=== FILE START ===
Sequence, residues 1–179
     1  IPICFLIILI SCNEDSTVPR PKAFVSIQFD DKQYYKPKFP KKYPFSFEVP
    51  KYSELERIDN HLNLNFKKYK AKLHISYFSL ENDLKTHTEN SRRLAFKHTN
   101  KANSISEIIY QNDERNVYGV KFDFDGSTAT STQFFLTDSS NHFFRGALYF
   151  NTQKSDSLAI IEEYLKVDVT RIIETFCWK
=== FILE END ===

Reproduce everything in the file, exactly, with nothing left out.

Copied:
Sequence, residues 1–179
     1  IPICFLIILI SCNEDSTVPR PKAFVSIQFD DKQYYKPKFP KKYPFSFEVP
    51  KYSELERIDN HLNLNFKKYK AKLHISYFSL ENDLKTHTEN SRRLAFKHTN
   101  KANSISEIIY QNDERNVYGV KFDFDGSTAT STQFFLTDSS NHFFRGALYF
   151  NTQKSDSLAI IEEYLKVDVT RIIETFCWK